General
28 Feb 2008

Jurassic environmental change study will help with future climate prediction

Geology

Geology

In the current debate over the longer-term effects of 21st century global warming and climate change, research from The Open University (UK) is now providing some compelling evidence of what can happen when the Earth’s oceans and atmosphere become much warmer.

Open University graduate student Chris Pearce, together with supervisors Drs Anthony Cohen and Angela Coe, went back 183 million years to the Early Jurassic Period for information on how the Earth reacted in the longer term to severe environmental change. What happened on Earth during and after abrupt global warming over a time scale of approximately several hundreds of years included a substantial decrease in the oxygen content of the oceans and a significant mass extinction of marine and terrestrial species. These initial big changes appear to have occurred at rates that are similar to those occurring at the present day. The facts that they have gathered are being published today in GEOLOGY by the Geological Society of America and will provide essential information to help validate predictions about environmental change in the future.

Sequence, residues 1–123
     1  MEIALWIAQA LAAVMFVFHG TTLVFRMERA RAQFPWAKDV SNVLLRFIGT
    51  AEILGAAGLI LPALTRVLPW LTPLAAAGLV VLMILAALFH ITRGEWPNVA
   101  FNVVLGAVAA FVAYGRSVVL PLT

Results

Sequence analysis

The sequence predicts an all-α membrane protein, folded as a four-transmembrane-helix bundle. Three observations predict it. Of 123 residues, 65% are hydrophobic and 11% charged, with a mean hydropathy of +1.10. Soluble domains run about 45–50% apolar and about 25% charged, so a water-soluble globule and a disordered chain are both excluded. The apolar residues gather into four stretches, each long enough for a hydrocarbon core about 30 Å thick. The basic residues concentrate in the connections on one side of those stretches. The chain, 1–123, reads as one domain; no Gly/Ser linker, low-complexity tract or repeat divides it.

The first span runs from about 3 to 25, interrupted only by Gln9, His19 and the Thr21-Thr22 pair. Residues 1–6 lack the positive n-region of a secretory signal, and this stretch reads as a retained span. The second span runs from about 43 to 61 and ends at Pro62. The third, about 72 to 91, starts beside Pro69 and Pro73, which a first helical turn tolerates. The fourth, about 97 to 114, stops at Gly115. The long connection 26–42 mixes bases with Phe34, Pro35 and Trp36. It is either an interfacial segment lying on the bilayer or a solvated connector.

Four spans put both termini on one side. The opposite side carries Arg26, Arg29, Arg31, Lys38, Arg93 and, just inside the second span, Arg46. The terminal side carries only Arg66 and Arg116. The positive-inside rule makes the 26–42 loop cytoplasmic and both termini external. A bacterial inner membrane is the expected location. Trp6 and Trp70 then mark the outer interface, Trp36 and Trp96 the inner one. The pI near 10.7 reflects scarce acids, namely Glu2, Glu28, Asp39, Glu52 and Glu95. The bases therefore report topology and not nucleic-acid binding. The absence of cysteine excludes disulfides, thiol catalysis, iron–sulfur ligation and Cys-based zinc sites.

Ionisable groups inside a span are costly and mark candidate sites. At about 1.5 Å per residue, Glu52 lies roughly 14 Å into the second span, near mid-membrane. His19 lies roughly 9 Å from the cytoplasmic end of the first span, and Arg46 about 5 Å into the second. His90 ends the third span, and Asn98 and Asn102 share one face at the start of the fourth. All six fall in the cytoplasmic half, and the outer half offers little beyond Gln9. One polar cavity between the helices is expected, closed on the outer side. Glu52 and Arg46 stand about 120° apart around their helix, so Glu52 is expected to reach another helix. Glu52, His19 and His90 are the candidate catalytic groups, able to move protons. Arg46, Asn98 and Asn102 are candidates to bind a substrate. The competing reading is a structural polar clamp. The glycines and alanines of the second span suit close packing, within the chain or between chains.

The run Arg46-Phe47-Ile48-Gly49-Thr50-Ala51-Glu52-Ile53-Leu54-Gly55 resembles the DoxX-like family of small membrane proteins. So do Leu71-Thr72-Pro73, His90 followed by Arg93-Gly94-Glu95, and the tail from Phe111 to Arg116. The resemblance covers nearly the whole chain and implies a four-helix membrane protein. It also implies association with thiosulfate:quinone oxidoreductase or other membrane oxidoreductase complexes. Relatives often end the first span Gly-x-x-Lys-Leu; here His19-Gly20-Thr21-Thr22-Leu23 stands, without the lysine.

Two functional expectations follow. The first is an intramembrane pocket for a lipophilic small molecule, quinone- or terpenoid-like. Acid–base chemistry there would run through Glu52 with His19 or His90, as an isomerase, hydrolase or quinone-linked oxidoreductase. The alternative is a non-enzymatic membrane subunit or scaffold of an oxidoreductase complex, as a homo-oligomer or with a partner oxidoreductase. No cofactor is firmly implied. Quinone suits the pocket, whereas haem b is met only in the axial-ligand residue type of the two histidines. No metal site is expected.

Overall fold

The use of current computer models to try to predict the longer term course of future climate and environmental conditions is uncertain because of our relatively poor understanding of the great complexity of the Earth’s behaviour.

The Open University team examined and de-coded the geological record of the extreme environmental disturbance known as the Toarcian (Early Jurassic) Oceanic Anoxic Event. Their findings show that there was widespread decrease in the oxygen content of the oceans during this abrupt period of global warming. The researchers also demonstrate that the changes in seawater oxygenation at that time were periodic and were coupled with regular, large-scale fluctuations in the Earth’s global carbon cycle.

Dr Cohen commented: “These records have the potential to provide quantifiable information about precisely how the Earth responds to severe environmental change in the longer term. The precise relationships between the various expressions of this environmental crisis in the Jurassic, although it occurred a very long time ago in Earth’s history, can provide valuable constraints for testing the reliability of predictions about environmental change that will continue to occur in the future as a result of man’s activities.”

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